Unlike gold ions, uranium ions have an oblong, football-like shape—similar to the overlap region in the off-center gold collisions. Comparing collisions where two "footballs" collide tip-to-tip, producing a spherical overlap, with those where the footballs collide upright, or body-to-body—in both cases with the ions completely overlapping—would give scientists a way to study the effect of shape without the swirl-induced magnetic field seen in the gold smashups. But the first question was whether the scientists could sort out results from the two differently oriented types of uranium collisions.
"There's no way to selectively orient the ions so they collide the way you want them to," Sorensen said. "You are stuck with what you get. The key is to be able to figure out which is which from the data."
The physicists set out to sort the results by analyzing how, and how many, particles emerge from the collisions. There should be more elliptical flow in upright body-body events than for the tip-tip collisions. The tip-tip collisions should also, on average, produce more particles than the body-body ones, because as the oblong football shapes pass through one another tip to tip, there are more chances for the internal particles to undergo multiple collision events within the same nucleus. So they plotted the data from the whole range of uranium collisions on a graph to look for a downward trend in elliptical flow with increasing particle production.
They also plotted a similar set of measurements from gold-gold collisions, where the spherical shape and number of internal collisions doesn't change. For these data, used as a control, they expected the pattern of flow to remain steady even as the number of particles produced increased.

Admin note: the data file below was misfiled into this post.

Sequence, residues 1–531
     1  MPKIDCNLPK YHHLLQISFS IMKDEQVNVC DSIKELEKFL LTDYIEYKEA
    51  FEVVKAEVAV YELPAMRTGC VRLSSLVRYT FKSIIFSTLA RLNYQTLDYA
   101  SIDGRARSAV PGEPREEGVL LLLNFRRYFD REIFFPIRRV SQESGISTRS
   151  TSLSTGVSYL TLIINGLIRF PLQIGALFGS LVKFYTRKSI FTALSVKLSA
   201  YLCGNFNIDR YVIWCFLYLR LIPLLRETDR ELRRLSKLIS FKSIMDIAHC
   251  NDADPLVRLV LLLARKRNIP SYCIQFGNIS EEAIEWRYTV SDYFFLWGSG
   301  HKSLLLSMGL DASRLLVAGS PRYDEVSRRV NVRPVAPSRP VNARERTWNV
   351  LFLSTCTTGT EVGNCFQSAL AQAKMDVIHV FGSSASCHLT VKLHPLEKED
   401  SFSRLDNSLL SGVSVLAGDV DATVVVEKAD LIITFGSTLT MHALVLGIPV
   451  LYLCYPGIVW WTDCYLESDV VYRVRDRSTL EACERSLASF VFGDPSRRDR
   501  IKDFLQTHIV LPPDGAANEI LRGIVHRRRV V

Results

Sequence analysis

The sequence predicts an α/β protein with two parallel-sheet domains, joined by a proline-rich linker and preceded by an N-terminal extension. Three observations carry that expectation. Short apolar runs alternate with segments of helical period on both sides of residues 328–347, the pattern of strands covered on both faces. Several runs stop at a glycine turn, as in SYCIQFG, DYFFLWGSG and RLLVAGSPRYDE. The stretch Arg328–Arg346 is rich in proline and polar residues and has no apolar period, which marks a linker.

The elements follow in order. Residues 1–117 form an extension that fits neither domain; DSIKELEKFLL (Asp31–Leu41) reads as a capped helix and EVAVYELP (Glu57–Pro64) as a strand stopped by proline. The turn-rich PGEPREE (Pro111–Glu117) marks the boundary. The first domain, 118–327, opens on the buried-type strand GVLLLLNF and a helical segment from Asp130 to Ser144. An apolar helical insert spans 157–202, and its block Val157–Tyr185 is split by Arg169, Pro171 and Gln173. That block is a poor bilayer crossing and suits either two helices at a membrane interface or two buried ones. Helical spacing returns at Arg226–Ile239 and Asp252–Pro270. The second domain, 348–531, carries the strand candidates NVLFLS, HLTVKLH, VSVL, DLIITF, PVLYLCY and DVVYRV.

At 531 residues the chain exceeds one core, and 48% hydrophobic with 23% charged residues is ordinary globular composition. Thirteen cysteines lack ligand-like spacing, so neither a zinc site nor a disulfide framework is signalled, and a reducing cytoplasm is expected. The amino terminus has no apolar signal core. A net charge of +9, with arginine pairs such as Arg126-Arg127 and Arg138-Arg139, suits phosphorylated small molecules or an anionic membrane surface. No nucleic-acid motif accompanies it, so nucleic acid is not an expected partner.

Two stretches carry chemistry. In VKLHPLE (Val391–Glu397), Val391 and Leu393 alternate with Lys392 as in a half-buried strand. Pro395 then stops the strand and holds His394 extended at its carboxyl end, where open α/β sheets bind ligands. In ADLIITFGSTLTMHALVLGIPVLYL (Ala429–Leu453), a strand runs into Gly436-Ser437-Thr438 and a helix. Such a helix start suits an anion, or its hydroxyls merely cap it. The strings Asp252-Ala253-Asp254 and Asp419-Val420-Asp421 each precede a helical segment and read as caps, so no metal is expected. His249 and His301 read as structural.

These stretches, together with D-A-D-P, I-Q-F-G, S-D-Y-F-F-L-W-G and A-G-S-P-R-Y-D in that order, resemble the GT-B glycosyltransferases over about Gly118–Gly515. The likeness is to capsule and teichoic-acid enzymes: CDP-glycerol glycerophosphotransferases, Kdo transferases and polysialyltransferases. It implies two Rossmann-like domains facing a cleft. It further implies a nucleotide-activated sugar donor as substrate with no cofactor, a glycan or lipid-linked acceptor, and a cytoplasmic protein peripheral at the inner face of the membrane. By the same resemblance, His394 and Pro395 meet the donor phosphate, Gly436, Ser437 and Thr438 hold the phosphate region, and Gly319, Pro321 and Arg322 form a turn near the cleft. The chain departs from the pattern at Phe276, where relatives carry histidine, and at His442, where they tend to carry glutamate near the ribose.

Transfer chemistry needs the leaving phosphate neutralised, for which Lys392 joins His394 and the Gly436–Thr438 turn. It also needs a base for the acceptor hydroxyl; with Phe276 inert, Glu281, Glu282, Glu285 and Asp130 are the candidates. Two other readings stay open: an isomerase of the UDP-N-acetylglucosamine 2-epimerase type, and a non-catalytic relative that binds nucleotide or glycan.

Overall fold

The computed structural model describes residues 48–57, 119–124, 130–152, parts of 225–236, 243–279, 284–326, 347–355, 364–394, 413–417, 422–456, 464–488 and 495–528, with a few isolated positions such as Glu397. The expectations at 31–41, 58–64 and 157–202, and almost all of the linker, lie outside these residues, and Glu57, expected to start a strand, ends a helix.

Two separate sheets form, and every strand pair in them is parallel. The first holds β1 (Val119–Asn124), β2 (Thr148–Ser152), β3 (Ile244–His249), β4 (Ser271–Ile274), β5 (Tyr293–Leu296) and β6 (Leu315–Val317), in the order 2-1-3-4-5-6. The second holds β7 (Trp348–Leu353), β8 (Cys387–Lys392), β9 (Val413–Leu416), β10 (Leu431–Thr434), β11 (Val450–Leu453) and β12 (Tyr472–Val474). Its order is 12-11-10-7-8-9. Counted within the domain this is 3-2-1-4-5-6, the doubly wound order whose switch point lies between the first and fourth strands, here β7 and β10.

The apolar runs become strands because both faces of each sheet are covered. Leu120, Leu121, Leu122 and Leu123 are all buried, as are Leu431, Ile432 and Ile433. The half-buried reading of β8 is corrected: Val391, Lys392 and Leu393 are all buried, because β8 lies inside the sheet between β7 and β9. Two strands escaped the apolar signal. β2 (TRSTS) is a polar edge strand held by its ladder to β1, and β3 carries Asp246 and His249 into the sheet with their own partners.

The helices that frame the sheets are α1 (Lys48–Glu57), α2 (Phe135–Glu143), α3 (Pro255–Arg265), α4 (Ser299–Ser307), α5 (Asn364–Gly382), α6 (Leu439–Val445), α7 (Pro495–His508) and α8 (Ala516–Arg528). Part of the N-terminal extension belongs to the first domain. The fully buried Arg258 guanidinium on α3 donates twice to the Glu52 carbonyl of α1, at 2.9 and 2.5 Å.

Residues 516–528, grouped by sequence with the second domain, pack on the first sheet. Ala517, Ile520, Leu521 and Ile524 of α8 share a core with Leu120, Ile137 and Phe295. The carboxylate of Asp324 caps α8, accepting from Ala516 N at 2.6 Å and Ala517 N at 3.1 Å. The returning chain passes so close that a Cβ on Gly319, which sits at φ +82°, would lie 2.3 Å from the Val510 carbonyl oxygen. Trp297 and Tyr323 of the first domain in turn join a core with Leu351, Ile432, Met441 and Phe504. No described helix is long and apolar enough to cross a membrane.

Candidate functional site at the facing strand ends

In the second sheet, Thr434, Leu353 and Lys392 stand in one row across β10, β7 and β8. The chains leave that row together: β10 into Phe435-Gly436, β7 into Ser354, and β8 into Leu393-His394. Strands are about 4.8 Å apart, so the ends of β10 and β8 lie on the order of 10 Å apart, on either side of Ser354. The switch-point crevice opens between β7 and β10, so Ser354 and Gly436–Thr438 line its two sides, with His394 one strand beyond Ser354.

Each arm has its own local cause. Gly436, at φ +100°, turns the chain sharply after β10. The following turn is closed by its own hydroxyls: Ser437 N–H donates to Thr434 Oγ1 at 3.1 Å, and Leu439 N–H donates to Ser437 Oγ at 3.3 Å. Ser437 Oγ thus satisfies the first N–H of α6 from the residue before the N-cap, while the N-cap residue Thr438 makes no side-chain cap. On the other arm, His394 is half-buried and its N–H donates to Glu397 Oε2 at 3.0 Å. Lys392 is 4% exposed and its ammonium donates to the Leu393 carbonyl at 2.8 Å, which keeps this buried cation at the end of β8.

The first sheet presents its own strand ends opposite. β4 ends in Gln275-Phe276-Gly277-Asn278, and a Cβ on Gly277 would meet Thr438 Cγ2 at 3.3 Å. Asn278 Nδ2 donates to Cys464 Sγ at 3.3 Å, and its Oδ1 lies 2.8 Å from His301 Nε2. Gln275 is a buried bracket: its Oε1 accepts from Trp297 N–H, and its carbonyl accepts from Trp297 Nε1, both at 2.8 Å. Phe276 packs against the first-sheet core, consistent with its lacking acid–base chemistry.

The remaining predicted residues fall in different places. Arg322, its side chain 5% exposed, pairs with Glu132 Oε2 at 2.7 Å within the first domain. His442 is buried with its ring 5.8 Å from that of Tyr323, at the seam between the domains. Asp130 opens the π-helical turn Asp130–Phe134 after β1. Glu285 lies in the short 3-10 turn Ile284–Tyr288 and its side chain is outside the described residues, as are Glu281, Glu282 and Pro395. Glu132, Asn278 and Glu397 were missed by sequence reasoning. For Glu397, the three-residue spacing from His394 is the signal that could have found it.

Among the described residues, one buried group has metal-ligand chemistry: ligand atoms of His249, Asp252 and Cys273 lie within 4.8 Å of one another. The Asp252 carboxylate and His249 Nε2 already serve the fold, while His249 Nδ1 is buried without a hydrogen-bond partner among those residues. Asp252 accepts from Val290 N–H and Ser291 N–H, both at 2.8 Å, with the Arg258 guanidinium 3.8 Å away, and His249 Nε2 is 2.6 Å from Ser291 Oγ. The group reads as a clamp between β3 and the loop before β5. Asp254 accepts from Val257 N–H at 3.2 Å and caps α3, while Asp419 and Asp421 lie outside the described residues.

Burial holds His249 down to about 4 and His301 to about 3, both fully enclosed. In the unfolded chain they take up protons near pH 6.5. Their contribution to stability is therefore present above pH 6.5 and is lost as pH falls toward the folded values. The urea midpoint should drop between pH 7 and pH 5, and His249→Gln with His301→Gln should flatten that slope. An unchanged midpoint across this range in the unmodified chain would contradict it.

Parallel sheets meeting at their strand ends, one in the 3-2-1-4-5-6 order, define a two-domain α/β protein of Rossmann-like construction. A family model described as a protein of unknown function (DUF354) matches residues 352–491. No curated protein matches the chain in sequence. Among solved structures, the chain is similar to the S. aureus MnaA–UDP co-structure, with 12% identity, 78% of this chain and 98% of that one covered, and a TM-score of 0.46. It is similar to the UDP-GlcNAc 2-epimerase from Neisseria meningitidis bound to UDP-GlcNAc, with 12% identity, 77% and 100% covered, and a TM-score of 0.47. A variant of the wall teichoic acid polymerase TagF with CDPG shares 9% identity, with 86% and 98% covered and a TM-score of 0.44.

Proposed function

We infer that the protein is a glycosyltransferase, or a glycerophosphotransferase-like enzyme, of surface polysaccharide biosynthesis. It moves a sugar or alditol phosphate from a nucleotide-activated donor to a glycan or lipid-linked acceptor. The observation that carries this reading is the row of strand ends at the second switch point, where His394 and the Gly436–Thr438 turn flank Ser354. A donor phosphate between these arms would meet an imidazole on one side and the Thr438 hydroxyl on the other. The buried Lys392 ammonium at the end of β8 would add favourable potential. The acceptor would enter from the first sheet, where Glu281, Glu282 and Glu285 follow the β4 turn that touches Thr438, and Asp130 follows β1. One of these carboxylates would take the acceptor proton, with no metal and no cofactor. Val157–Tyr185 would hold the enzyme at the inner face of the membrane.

Initially, the sets of data from uranium and gold collisions both showed the same downward sloping trend. But when the scientists narrowed their analysis to include only the 0.1 percent of collisions with the most complete particle overlap, the hoped-for signature appeared—a downward sloping trend for uranium, and a nearly flat line for gold.
"This was a big success because we now have a way to 'manipulate' the geometry. We can pick out samples of uranium collision events with a desired orientation by selecting only those with low particle production (if we want body-body collisions) or high particle production (for tip-tip)," Sorensen said.
By selecting events with different orientations the scientists can now explore the effect of geometry on other research questions. For example, they can study whether the flow that persists in the oblong shape affects things like the separation of positive and negative charges to disentangle the effects of flow from those of the magnetic field. They can also compare the tendency of particles traveling through the short vs. long side of football-shaped events to get stuck, or "quenched," in the plasma.
Yet even with the success of being able to separate tip-tip from body-body collisions, one thing still didn't fit. The downward trend in flow with particle production measured by the STAR physicists wasn't as steep as the one predicted by the model they were using to analyze the data.